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Cell Staining - Staining Techniques, Standardization Of Tests

gram bacteria stains cells

Medical science depends on the staining of cells in tissues to make accurate diagnoses of a wide range of diseases from cholera to sexually transmitted diseases, to parasitic diseases and skin infections. Staining techniques performed routinely in microbiological laboratories include gram's stain, acid-fast stains, acridine orange, calcofluor white, toluidine blue, methylene blue, silver stains, and fluorescent stains. Stains are classified broadly as basic, acidic, or neutral stains. The chemical nature of the cells under examination determines which stain is selected for use.

Cell staining is important in the diagnosis of microorganisms because bacteria can be identified by the color differentiation of stains (dyes). Microscopic examination of stained cell samples allows examination of the size, shape, and arrangement of organelles, as well as external appendages such as the whip-like flagella, which are the cell's organs of motion. When sample cells are stained to show their chemical composition it is called differential staining.

Histochemistry is the specialty that studies the staining properties of cells. Histochemistry is used in other specialties such as histology (the study of tissues), biochemistry (the study of the chemical makeup of cells), cytology (the study of cells), and microbiology (the study of organisms that are too small to be seen without a microscope).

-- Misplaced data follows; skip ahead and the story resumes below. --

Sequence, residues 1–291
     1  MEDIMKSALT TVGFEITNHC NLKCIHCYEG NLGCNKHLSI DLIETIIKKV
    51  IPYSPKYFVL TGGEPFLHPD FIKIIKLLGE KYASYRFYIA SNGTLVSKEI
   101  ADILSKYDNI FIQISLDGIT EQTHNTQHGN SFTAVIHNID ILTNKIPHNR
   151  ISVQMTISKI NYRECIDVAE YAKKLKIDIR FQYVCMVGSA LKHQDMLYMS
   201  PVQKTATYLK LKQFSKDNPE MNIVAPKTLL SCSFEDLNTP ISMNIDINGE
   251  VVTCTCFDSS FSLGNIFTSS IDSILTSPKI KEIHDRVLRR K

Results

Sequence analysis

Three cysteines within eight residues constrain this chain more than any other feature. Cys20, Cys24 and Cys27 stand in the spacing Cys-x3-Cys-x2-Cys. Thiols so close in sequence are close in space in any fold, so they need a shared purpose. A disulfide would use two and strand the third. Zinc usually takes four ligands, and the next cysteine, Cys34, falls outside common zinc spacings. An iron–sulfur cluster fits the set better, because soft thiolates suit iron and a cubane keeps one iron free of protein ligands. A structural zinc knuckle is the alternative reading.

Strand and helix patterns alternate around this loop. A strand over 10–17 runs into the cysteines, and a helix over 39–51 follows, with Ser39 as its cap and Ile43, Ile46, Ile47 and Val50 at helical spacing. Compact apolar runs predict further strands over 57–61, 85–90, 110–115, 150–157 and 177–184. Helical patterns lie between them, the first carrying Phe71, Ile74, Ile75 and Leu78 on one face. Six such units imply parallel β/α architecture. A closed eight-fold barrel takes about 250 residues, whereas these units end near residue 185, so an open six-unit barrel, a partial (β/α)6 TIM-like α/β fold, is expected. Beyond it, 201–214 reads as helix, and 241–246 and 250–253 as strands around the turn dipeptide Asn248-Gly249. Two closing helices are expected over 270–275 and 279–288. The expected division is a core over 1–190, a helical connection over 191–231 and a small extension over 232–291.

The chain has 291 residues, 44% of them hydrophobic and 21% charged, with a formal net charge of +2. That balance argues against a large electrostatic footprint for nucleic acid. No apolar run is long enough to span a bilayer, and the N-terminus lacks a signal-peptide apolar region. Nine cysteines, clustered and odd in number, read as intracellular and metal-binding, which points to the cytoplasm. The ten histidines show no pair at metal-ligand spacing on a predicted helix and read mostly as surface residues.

In 1880, Hans Christian Gram of Denmark noted the differences in the way bacteria react to stains. Those bacteria that retained a deep purple stain, even after they were washed, were termed "stain positive." Those that lost the stain and responded again to another stain, were termed "stain negative." Today, bacteria are classified as "gram-positive" or "gram-negative" to distinguish the two major groups of bacteria. This staining test highlights differences in the structure of the cell wall of the two types of bacteria.

Penicillin G is used to treat gram-positive infections, but it is ineffective against gram-negative bacteria. Other antibiotics are only effective against gram-negative bacteria. Chloromycetin, which was discovered in 1947, was the first antibiotic to be effective against both gram-positive and gram-negative bacteria.


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